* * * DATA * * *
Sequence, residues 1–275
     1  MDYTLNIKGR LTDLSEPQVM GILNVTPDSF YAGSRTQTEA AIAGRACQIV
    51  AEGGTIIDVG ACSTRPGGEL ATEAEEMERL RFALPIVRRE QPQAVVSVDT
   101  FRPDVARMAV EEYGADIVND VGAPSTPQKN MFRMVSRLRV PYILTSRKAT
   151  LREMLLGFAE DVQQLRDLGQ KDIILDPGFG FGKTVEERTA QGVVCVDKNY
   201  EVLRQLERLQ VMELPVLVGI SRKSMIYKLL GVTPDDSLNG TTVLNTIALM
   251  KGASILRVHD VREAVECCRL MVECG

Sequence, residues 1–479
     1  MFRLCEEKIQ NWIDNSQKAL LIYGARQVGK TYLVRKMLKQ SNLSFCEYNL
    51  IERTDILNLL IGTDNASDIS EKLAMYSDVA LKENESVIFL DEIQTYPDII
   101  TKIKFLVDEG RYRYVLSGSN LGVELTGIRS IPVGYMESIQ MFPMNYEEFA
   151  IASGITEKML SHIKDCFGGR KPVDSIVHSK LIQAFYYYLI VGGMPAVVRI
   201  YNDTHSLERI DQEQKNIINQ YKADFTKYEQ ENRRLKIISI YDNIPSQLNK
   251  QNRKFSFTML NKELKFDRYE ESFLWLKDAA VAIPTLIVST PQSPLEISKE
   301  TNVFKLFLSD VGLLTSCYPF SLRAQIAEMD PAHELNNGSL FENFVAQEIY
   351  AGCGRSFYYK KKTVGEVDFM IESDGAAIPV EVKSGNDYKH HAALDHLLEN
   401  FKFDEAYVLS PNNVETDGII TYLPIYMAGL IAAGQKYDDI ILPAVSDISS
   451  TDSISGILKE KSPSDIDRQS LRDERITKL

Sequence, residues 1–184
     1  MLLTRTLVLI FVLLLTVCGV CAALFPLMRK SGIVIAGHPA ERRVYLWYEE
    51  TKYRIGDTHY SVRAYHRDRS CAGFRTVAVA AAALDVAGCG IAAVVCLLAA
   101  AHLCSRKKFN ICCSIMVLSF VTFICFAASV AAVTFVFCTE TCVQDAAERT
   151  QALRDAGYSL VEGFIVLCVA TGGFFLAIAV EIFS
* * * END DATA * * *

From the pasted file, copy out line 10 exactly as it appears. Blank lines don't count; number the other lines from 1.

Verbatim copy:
    51  IERTDILNLL IGTDNASDIS EKLAMYSDVA LKENESVIFL DEIQTYPDII